travel

Green Flash or Hot Flash?

Barra de NavidadWhoa, now that’s what I call a beach!

Every paragraph I’ve tried to write about the splendors of Barra de Navidad comes across as the most dreadful porn, but I can’t help it. It is hot, so hot, steamy wet and hot, and God, do I love it there.

Who cares about the Atlantic seaboard with it’s dumb boardwalks and pedal jitneys and imitation gay ninieties photos? Are you kidding? Barra is the beach, baby, coconut shells and mysterious pieces of wood washing up on the shore and the mighty Pacific crashing and rolling and stoned surfers passed out in hammocks tied to palm trees.

Actually it wasn’t just the surfers. There was a taxi stand across from our hotel. I assume the drivers were busy with fares every night, because during the day they would be sprawled limply in hammocks of their own, sleeping in a manner that suggested paralysis or nerve gas, rocking gently between “No Parking” signs.

Pah! In Ocean City we picked daintily at blue crab and complained about the flies while we watched the class of ’20XX traipse up and down the boardwalk,celebrating their high school graduations by getting their fake I.D.’s confiscated.

In Barra we wrestled with 2 kilo langostas drowning in melted butter and kicked iguanas away with our huraches and left the restaurant exhausted and full to watch a parade of …oh, who knows? Toothless old war criminals, con artists, Endless Summer types, pot smugglers, and ruthless Mexican peddlars who make their livings by selling shell jewelry and whatever else they can get their hands on.

The Grand Bay HotelAnd hovering over all of it like Cinderella’s Castle is The Grand Bay Hotel. The Grand Bay Isla Navidad is an elegant Wyndham resort that adds a touch of bling to the otherwise seductively shoddy tropical atmosphere. Separated from the rest of Barra by a moat, I mean, lagoon, it’s like a 4 carat diamond in a crackerjack box.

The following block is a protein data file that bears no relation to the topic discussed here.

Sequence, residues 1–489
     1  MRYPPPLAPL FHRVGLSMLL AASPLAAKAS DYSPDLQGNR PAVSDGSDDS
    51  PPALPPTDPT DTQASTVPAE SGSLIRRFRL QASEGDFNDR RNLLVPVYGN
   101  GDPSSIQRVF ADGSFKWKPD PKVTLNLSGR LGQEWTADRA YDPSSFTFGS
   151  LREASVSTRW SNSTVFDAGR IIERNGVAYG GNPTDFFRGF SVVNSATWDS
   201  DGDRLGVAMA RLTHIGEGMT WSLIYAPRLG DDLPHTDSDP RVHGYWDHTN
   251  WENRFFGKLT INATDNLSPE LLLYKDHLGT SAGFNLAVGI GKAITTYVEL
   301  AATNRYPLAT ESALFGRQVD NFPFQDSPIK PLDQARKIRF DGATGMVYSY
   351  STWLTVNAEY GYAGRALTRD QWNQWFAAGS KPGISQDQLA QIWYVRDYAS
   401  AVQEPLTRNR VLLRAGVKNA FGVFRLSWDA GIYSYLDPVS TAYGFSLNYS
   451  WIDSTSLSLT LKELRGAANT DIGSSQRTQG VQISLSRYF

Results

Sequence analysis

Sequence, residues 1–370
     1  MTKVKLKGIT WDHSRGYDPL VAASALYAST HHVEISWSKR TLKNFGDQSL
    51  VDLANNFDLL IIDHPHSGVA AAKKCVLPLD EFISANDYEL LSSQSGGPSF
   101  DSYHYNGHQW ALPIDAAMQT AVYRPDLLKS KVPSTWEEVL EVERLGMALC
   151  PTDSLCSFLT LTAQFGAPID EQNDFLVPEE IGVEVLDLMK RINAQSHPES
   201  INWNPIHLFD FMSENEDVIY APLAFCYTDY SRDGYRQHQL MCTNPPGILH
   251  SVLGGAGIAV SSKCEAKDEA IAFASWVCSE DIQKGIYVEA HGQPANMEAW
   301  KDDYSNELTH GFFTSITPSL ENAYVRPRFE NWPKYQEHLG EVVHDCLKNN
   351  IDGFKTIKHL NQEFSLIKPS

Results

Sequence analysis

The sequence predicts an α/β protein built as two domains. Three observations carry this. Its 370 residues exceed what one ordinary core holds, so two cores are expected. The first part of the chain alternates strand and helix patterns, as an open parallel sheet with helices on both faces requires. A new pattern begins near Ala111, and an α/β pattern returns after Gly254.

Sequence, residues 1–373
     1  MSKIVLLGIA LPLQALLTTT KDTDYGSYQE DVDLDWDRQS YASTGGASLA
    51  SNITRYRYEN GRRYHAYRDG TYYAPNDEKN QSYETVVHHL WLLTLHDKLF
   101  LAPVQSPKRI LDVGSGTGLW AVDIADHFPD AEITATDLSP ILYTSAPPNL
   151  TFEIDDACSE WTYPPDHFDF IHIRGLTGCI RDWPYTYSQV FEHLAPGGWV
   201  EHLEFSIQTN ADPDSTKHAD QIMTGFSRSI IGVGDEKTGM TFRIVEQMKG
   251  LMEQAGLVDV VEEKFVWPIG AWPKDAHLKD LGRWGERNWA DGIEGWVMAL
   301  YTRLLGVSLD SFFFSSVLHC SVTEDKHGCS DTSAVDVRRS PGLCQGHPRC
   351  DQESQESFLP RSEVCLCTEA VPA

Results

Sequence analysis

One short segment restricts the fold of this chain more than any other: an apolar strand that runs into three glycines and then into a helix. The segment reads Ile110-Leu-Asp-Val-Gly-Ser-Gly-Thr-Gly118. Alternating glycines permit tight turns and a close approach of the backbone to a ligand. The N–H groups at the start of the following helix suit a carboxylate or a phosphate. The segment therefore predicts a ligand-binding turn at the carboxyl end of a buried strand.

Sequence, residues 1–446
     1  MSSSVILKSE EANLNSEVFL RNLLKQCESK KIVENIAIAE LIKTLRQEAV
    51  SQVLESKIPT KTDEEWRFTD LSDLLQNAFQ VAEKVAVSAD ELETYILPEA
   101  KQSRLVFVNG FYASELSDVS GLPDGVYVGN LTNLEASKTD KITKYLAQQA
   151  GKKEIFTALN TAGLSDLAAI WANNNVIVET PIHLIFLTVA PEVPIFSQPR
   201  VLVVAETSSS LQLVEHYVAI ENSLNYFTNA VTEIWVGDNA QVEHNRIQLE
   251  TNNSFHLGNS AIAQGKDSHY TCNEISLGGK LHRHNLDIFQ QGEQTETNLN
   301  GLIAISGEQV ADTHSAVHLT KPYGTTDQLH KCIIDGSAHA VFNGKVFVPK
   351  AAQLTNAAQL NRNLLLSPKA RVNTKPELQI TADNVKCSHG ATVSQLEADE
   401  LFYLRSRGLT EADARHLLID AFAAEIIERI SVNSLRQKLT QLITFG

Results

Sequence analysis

One of the co-eds and I took a water taxi over to the hotel for Sunday brunch when we were visiting Barra in January. On that occasion she and I idled on the verandah nibbling croissants and pretending to be Eurotrash countesses, but except for rare occasions like that, it just provides a magnificent backdrop.

I am telling you, I love it. I don’t think Bruno Barra de Navidadknows how much I love it, but I could live there, and finally, now that I’m middle aged, realize the fantasies I’ve been nursing for 40 years to be Gidget, spending my mornings surfing a longboard and my sunsets mixing drinks in coconut shells for a draft dodging beat poet named Kahuna.

Oh, except that I can’t surf. And I’m a recovering alcoholic.

And except for the fact that there is an instant in the morning when the heat suddenly ignites, and in that moment it goes from being just ordinarily hot to the place where water becomes steam, and if you didn’t roll into a pool that minute, you’d risk being scalded by the air. And for the rest of the day you have no choice but to stay in the pool or join the taxi drivers in their stunned torpor.

So I keep my beach fantasies to myself. On the way home, only a 4 hour drive, the excellent toll roads wind up and over the mountains. As you approach Lake Chapala, the temperature drops and the air feels fresher and cleaner by the mile. Kilometer, I mean. It’s a different world, and actually one that’s probably a little better suited to real life. For Bruno, anyway.

I’ll tell you where you can go to get a good feel for this place that I love so much. Check out Sparks Mexico page. He has some pictures that make me feel like I’m still there. Actually, there’s very little about Mexico you can’t find out while drifting around on his web page, so have at it.

Elliott Joachim pulled the plug on life in Metro D.C. and headed South of the Border. In her blog, Lifestyle Refugee (honey, what the hell are we doing in Mexico), she regales you with how a middle range baby boomer builds a new life in Ajijic.

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